I’ve finally started playing Dragon Quest XI for the Nintendo Switch. Since it’s Dragon Quest, there’s a lot that’s familiar, but there are also some changes to the mechanics that I think might make things a little easier. Battles are still turn-based, but instead of choosing everyone’s actions before the round, you do so when a party member’s turn comes up, which can prevent stuff like trying to heal someone who dies before the healer can perform the action. There are campfires out in the wild where you can sleep and save the game, instead of having to go back to town every time; and you can return to these with the Zoom spell. You can often speed up travel in the wild by riding a horse, which will even gallop over enemies, although you don’t get any experience that way. I’ve always kind of wondered why games with steeds or vehicles DON’T let you run them over the monsters, but here you can. And the people who give you information on what you have to do next and those who have mini-quests for you are indicated on the map. You can also do a preemptive strike, sort of like in Mario RPGs, when you’re on foot, although it sometimes seems a bit unfair when the monsters are just hanging around being cute.
You need the experience to grow in power and face actual threats, though! The 3D environment is taking some getting used to, as the most recent RPGs I’ve played had top-down views. There actually is a way to play it in 2D, but I haven’t tried that yet. While exploring, your party can jump and sometimes climb on roofs. The graphics have a lot more detail than I’m used to with this series.
The story starts with a baby being set afloat on the river, Moses-style, who is then adopted by someone in a rural village called Cobblestone. You start playing as this character, fulfilling his coming-of-age ritual with his best friend Gemma, in what’s essentially a tutorial. The hero learns that he’s the reincarnation of someone called the Luminary, which was a particular job you could learn in earlier games, but here is a specific title. You go to see the King of Heliodor, but instead of being somewhat helpful like other monarchs in the franchise, he sees the coming of the Luminary as a sign of evil and throws him in the dungeon, also destroying his hometown. What a jerk!
I think that’s money, Your Majesty.
You escape with the help of a thief named Erik, who’s a much stronger character than you might expect from someone of that vocation.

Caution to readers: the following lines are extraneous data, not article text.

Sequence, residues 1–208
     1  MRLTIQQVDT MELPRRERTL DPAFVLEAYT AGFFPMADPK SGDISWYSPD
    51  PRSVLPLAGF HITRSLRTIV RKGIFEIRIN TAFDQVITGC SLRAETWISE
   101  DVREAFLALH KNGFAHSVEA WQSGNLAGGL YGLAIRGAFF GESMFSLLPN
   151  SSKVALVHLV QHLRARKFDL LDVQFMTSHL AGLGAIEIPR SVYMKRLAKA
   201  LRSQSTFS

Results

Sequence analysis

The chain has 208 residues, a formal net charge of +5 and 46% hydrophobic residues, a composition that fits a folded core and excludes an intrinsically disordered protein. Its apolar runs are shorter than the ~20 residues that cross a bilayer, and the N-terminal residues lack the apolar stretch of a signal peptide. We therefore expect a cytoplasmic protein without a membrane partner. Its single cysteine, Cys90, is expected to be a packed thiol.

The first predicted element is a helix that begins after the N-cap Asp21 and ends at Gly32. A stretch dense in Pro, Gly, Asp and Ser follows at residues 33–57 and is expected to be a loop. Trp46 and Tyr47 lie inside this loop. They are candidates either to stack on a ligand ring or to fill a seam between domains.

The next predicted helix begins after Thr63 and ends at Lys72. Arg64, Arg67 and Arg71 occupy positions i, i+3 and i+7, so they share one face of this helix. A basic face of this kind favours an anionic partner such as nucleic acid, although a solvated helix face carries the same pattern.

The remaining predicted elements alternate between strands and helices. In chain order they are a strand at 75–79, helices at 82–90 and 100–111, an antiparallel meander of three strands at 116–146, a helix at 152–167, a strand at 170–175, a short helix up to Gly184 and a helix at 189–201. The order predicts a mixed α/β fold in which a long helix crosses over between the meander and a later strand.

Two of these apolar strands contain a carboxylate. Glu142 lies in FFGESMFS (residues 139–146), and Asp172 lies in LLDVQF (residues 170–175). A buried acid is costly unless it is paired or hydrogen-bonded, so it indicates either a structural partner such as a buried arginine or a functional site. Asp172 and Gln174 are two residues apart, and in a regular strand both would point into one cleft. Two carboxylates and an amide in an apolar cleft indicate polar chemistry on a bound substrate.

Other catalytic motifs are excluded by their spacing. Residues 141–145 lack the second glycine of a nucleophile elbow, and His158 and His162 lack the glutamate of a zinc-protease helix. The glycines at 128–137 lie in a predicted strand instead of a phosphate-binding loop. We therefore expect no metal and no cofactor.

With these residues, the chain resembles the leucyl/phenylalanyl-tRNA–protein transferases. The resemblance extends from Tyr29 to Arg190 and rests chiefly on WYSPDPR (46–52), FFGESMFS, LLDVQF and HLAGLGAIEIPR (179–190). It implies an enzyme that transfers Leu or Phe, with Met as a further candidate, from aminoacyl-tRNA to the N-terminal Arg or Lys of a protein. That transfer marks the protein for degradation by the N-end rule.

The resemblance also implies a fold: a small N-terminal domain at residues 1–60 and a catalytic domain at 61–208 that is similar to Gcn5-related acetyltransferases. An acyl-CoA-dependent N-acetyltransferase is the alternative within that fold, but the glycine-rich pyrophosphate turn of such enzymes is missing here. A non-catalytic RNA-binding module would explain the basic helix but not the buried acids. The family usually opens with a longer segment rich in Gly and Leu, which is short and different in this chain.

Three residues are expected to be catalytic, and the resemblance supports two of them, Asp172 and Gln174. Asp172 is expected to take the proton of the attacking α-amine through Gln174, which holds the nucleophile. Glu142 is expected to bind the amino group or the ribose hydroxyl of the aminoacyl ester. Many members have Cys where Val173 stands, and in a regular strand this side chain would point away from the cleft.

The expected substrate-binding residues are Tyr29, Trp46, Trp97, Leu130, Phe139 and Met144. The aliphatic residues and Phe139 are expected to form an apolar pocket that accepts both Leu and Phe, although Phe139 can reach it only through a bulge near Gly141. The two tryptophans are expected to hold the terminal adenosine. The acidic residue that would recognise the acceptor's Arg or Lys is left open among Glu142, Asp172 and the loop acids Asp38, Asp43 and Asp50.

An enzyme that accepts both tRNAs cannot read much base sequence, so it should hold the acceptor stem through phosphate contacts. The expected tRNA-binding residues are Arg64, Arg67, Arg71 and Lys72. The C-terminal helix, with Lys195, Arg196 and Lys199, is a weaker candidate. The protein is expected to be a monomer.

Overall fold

I read that his name in Japanese was Camus, but the translators changed it because he was supposed to seem Scandinavian. If that’s the case, though, why does the voice actor give him an English accent? Eventually, the two of you reach a travel door to Hotto, a country with a volcano where forging is the main occupation and the natives speak in haiku. Here, you meet with Veronica, a mage from Arboria who was somehow made younger; and her twin sister Serena (although of course they now don’t look like twins), who specializes in healing magic and playing the harp.
Then, in the desert Sultanate of Gallopolis, a place obsessed with horse racing, you have to help out another cowardly, useless prince. This one does redeem himself somewhat, though. This is also where you meet another future party member, Sylando, a flamboyant circus performer with hidden talents.
So far, every one of the characters has tagged along and participated in battles without player input before they joined for good, and Sylvando still hasn’t been controllable yet. Having non-player characters help out in battle is fairly common in the DQ games, but I can’t think of other instances where main party members start out that way. The Luminary has a special ability to touch parts of the World Tree Yggdrasil and learn back stories, which also usually give hints on how to proceed.
By the way, I’ve known of Yggdrasil for years from both Norse mythology and video games, but I think this might be the first time I’ve heard it said out loud. In the game, the emphasis is on the last syllable (ig-dra-SIL), but I don’t know whether that’s the usual pronunciation. It’s probably totally different in Old Norse, like how “Ragnarok” was apparently something like “rug-na-rook.” There’s also a bit of nostalgia in a place called Tickington, where you can travel to places from previous games to solve problems and help restore the flow of time.
It kind of reminds me of the bits with the fairies in DQV, although that didn’t have all the callbacks. So far, I’ve done the mini-quests in Galenholm from 1 and Moonahan (AKA Hamlin) from DQ2. What’s particularly interesting is that they use the mechanics from the earlier games as well. I am a little confused because the Tockles refer to these events as taking place in the past, but I’ve heard elsewhere that XI is a prequel to 3, and hence 1 and 2 as well. I guess I’ll avoid trying to riddle that one out until I’ve finished the game.